Well when it remembers to rain it certainly remembers how to do it! It’s been storming off and on here in the spring of early-twenty first century Brooklyn and just now the birds are whistling hosannas to the sun.
This is the fourth iteration of my newfangled blog here at BAP; the old fang, long in the tooth, deep in the truth, was about poets equally established, Dickinson, Bishop, and Szymborska, Keats, Yeats, and Stevens; the new fangs, familiar with fresher truth and bluer truth, are poets of my age, era-wise; wise beyond error.
I pick the poem first, for the slinky pleasure of it, then ask myself why and type to you my answer. This one is so goddamn dead-on real about where so many of us actually live a good part of our painful inner lives that I want you to read it before I say more. It’s by the wonderful poet Tom Healy, whose deep and compelling book is What the Right Hand Knows.
What do we do when we hate our bodies?
A good coat helps.
Some know how to pull off a hat.
And there are paints, lighting, knives, needles,
various kinds of resignation,
the laugh in the mirror, the lie
of saying it doesn’t matter.
There is also the company we keep:
surgeons and dermatologists,
faith healers and instruction-givers,
tailors of cashmere and skin
who send their bills for holding
our shame-red hands, raw
from the slipping rope,
the same hands with which we tremble
ever so slightly, holding novels in bed,
concentrating on the organization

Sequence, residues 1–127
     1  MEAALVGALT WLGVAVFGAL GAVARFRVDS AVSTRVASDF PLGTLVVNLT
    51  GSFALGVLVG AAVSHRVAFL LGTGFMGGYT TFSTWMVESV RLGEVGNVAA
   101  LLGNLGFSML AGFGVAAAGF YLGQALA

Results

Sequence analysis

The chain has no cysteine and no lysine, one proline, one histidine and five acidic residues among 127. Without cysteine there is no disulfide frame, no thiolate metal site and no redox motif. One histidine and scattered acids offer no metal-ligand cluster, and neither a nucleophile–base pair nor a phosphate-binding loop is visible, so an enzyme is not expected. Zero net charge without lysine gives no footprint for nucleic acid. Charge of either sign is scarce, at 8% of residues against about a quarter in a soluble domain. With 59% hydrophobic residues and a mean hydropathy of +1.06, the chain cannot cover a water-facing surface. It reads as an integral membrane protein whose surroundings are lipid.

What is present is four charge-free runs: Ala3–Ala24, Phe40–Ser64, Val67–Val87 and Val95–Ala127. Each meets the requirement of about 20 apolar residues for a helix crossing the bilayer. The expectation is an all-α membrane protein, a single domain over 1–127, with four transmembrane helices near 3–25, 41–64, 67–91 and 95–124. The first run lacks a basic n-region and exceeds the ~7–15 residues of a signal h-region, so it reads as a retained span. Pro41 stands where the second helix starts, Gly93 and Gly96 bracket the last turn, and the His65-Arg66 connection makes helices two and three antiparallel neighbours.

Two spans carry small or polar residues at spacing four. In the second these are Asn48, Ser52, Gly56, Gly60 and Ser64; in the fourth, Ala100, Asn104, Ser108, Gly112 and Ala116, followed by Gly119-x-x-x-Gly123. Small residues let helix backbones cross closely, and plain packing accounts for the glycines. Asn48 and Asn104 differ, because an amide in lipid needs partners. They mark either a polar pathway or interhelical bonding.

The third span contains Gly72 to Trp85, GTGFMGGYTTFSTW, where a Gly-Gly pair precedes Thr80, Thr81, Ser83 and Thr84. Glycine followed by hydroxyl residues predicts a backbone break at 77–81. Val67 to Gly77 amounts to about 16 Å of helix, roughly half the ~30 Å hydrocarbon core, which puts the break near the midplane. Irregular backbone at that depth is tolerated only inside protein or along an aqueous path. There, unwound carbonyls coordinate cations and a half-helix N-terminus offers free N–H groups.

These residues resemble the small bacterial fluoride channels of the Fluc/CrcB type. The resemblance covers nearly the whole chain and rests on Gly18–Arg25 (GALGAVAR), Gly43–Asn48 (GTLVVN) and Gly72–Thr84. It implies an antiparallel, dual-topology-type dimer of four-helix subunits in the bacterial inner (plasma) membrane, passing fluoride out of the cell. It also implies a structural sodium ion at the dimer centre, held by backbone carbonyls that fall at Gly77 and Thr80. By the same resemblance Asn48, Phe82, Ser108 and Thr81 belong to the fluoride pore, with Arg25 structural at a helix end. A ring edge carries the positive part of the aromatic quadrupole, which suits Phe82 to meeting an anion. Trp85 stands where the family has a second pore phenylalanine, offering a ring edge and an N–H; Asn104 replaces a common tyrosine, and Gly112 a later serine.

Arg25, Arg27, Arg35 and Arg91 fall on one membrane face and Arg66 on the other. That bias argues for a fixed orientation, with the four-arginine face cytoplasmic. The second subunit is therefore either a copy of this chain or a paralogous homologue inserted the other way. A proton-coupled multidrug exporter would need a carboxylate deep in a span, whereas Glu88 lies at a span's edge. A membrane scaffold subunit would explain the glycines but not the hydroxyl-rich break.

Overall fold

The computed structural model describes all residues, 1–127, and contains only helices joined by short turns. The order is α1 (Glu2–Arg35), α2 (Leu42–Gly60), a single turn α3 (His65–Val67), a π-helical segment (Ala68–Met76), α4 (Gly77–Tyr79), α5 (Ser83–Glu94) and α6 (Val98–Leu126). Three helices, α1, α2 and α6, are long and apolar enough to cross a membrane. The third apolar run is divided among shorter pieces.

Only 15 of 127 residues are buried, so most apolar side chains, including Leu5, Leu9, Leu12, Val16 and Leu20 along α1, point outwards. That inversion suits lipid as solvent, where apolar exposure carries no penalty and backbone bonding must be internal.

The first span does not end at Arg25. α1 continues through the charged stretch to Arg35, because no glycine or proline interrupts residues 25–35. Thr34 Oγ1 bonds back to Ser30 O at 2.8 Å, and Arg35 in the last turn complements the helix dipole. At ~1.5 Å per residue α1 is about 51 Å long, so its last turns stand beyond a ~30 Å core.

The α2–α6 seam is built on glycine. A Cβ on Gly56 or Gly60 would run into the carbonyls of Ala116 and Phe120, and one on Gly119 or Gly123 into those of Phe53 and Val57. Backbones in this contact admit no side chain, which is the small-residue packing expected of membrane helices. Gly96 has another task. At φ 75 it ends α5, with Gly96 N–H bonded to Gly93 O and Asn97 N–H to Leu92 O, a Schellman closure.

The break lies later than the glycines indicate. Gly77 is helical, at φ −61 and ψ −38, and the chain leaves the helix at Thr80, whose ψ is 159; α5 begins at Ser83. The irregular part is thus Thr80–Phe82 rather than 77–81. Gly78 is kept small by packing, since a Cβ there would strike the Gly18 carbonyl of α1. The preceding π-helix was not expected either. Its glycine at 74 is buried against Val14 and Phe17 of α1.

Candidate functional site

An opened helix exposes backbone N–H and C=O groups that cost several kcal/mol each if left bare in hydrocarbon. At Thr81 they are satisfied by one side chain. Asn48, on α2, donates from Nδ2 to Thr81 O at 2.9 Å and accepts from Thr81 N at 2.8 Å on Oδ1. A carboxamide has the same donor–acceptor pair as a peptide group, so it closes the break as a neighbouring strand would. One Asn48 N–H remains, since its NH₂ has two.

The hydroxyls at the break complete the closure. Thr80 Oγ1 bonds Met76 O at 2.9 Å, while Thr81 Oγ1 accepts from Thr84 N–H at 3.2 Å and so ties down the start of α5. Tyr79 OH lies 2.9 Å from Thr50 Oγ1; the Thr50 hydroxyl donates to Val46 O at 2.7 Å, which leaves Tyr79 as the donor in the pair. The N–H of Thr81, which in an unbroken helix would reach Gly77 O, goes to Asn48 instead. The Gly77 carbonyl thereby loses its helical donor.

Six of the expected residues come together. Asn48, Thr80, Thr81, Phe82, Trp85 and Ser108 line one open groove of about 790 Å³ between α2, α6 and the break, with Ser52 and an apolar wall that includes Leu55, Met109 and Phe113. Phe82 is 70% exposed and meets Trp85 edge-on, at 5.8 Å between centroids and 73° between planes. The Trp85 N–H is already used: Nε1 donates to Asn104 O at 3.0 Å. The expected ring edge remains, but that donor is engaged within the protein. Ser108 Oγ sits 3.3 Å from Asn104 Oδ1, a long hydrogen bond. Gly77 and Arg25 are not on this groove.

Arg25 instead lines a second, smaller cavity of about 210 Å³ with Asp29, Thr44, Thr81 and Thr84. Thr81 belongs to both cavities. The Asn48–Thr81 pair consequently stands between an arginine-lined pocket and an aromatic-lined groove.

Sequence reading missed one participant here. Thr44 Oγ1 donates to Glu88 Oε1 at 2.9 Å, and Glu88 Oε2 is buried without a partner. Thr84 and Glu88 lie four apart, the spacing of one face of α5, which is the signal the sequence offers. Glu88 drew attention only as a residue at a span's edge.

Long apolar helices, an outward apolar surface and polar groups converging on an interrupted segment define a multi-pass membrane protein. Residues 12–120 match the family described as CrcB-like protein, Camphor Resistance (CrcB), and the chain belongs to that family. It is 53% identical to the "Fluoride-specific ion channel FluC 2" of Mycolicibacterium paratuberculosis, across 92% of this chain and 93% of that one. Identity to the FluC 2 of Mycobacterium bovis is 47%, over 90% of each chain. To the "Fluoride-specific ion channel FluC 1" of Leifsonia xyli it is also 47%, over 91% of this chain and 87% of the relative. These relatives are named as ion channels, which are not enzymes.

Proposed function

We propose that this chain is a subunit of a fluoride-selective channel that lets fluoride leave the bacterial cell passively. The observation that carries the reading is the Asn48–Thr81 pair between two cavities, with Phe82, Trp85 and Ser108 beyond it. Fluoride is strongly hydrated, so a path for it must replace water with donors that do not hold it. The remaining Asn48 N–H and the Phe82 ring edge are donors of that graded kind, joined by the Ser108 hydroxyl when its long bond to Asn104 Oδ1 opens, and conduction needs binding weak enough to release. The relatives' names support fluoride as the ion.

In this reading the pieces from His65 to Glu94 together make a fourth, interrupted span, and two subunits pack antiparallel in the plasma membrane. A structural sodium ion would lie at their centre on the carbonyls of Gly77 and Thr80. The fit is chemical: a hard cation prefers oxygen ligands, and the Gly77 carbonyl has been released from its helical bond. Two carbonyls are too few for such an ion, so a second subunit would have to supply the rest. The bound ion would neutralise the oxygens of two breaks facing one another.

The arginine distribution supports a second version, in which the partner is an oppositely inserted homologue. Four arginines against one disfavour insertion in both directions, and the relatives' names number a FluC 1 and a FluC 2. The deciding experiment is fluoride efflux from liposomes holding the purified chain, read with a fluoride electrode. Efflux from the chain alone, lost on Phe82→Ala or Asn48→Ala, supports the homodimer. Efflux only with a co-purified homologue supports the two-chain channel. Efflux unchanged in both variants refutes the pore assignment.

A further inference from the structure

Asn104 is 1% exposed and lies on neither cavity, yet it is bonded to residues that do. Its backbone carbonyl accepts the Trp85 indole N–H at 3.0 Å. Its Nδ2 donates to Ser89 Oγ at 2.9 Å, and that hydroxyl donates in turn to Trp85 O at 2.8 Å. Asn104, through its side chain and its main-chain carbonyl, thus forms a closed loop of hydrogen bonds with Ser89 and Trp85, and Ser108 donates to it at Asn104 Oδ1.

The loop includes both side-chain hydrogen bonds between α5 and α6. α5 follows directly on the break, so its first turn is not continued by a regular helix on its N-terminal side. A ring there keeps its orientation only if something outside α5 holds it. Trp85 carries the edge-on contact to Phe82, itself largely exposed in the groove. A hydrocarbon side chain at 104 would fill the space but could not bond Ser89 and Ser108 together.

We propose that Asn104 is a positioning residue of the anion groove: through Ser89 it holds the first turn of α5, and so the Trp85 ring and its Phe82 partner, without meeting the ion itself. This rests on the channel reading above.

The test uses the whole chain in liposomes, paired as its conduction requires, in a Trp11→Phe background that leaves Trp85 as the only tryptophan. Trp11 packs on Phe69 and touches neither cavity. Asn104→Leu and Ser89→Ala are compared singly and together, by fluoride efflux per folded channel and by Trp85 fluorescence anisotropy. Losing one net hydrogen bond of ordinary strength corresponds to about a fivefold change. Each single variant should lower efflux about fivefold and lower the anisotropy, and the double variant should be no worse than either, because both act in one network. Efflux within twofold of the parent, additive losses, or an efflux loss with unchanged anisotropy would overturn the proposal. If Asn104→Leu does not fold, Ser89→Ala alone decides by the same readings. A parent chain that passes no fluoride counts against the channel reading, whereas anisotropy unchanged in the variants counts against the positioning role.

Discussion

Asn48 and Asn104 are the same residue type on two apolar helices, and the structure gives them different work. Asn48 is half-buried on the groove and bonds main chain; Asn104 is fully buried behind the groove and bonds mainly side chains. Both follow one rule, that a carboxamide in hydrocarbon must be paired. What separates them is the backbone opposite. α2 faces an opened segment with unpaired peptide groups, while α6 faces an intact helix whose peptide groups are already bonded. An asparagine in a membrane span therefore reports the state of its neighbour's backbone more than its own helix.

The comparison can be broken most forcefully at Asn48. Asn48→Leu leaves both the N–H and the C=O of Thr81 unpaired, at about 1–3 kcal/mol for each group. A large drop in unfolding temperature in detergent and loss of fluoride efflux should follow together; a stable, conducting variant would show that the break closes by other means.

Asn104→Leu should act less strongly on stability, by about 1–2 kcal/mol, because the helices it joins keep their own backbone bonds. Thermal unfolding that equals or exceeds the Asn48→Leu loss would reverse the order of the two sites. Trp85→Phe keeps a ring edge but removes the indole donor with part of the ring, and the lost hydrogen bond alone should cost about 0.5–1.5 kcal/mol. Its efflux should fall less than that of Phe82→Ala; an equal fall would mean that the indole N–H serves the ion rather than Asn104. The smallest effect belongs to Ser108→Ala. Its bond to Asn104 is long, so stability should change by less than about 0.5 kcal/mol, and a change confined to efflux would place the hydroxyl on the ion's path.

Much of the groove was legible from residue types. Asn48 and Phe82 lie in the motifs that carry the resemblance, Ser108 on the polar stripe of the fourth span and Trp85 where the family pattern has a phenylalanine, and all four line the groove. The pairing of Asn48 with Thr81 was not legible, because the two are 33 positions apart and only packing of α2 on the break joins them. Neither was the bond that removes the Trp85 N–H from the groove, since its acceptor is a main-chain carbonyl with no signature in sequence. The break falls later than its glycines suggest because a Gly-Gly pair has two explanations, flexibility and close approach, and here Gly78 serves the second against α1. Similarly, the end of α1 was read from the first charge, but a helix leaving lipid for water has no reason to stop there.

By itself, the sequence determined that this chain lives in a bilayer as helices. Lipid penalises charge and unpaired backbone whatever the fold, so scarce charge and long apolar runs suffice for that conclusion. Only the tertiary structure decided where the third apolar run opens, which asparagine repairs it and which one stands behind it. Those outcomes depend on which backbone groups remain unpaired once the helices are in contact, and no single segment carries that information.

of pain and joy
we say is another mirror,
a depth, a conjure in which we might meet
someone who says touch me.
- Tom Healy
Isn’t that brill? Being American is such a weird endeavor. First wave first world. For most of history every generation knew famine. Rich or poor, you saw people starve and you either starved too, or at least did without. Food was just not there. Letters home from the New World didn’t only describe what people ate here, they described the shops themselves and sometimes said things like – “There are ten kinds of fruit at the market and five kinds of meat – while you in the old world count as a market a slab of wood balanced between two rocks and displaying three wilted carrots, some sad greens, and a short pile of slightly putrid chicken feet.” They worried over their poor emaciated bodies and dreamed of heaven as an endless feast.
Then within a generation of the first people to have enough food across their lifetimes, we started worrying about the sad avoirdupois of bodies, and fantasize about ourselves as trim as a sail. Thin as a rail. Humanity has a genius for despair. I’ve got a lot to say about this in The Happiness Myth, just fyi.
Then too, fat isn’t our only beastly burden, though it is the one that chases me around the table. There are those who hate their faces, bemoan their feet, decry their dimples, abhor their pimples, lament their foreheads drifting ever up and over, hate their flatbread bosoms, resent their unwieldy ample hills (as Whitman described Brooklyn’s terrain). Then we all die and except for Taft and Eleanor Roosevelt, nobody much cares what we once looked like. Can you imagine Gertrude Stein eating Lean Cuisines? Socrates (often called ugly by his contemporaries) consulting surgeons for a fresher face?
I love Healy’s poem here for its compassion, its sympathy for the human agony of being befleshed. I also love the ending wherein our escape from this horror is in literature where we find, not quite a mirror but at least something we call a mirror, and there find ourselves inhabiting a better body, and asked by someone lither to come hither.
Let us tattoo this poem to the inside of our skulls and when in line for swimsuits or squash-blossom quesadilla, or confronted with dance-class mirrors, let our eyes roll back until we can read the words and see our kinder inner side.
Don’t kill yourself, and I shall return to encourage you yet again.